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JOURNAL ARTICLE

A randomized pilot study comparing the role of PEEP, O2 flow, and high-flow air for weaning of ventilatory support in very low birth weight infants

Chang-Yo Yang, Mei-Chin Yang, Shih-Ming Chu, Ming-Chou Chiang, Reyin Lien
Pediatrics and Neonatology 2017 September 6
28943321

BACKGROUND: There is a lack of evidence to guide step-wise weaning of positive pressure respiratory support for premature infants. This study sought to compare the efficacy of three weaning protocols we designed to facilitate weaning of very low birth weight (VLBW, less than 1500 g) preterm infants from nasal continuous positive airway pressure (NCPAP) support.

METHODS: This was a prospective, randomized, controlled trial of VLBW preterm infants who received positive pressure ventilatory support in our neonatal intensive care unit (NICU) from April 2008 through March 2009. When these infants were weaned to CPAP as their last step of respiratory support, they would be randomly assigned to one of the following three groups as their further weaning methods (M): (M1) CPAP group, (M2) O2 flow group, and (M3) air flow group. The time period they needed to wean off any kind of respiratory support, as well as the likelihood of developing relevant prematurity related morbidities, were compared among patients using different weaning modalities.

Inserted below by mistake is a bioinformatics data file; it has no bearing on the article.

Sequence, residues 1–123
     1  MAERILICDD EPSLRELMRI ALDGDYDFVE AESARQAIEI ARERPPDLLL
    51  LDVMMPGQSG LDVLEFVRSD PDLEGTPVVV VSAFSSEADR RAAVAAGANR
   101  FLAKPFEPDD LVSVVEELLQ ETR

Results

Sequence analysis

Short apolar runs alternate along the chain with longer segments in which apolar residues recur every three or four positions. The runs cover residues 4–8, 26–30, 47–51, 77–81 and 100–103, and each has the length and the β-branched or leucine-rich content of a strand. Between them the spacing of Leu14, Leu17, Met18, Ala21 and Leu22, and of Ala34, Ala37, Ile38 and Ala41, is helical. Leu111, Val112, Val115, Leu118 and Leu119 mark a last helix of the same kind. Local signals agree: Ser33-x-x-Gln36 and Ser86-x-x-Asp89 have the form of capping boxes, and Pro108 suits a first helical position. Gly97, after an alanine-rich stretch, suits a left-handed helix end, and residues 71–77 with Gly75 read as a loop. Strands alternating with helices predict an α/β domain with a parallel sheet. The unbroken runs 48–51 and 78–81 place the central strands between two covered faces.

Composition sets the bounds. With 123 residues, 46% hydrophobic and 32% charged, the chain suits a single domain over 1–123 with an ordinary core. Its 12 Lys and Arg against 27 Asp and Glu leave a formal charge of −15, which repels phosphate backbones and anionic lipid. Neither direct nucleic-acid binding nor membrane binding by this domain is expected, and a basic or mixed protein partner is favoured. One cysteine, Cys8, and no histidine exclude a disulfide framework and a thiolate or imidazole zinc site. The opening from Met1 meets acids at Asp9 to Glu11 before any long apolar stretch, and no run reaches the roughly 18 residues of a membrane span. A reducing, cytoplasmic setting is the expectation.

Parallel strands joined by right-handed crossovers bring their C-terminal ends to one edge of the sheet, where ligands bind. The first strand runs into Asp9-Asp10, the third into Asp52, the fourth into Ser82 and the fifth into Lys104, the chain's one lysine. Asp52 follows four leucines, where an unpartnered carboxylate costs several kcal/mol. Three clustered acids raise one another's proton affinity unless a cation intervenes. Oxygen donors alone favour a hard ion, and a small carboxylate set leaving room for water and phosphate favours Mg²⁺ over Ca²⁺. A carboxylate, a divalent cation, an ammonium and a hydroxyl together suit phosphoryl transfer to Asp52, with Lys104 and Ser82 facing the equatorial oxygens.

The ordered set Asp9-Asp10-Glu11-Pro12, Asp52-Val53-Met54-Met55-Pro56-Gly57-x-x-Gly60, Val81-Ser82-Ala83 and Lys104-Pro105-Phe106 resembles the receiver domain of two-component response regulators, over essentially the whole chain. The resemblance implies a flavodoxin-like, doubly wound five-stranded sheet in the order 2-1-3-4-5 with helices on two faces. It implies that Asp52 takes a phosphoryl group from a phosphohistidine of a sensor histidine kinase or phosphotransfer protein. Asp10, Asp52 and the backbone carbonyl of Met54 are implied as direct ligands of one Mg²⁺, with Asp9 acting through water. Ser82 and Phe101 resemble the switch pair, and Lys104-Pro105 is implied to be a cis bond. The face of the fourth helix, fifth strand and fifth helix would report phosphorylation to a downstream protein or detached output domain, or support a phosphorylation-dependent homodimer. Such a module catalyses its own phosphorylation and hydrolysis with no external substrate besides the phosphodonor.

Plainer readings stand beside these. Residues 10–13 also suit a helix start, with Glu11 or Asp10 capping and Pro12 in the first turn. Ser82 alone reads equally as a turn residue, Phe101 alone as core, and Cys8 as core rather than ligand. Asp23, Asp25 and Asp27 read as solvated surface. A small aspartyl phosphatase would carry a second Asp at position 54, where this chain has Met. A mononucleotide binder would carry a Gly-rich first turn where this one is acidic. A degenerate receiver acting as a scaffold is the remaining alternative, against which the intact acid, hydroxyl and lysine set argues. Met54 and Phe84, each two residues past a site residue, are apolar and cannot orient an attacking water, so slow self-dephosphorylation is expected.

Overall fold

RESULTS: 181 patients were enrolled in the study. Their gestational age (GA) and birth weight (BW) were 29.1 ± 2.5, 28.7 ± 2.4, 28.7 ± 2.4 (mean ± SD) weeks and 1142 ± 232, 1099 ± 234, 1083 ± 219 g, in M1, M2 and M3, respectively. The time (period) needed to wean off support was 16.0 ± 10.0 days (M1), 11.6 ± 6.4 days (M2), and 15.0 ± 8.9 days (M3), respectively (p = .033). Incidence of retinopathy of prematurity (ROP) and bronchopulmonary dysplasia (BPD) were both significantly higher in the O2 flow group (p = .048).

CONCLUSIONS: Although using low oxygen flow significantly shortens CPAP weaning time, it may increase risks of BPD and ROP, both known to be related to oxygen toxicity. Unless the infant has BPD and is O2-dependent, clinicians should consider using air flow or just splinting with no support at all when weaning NCPAP.

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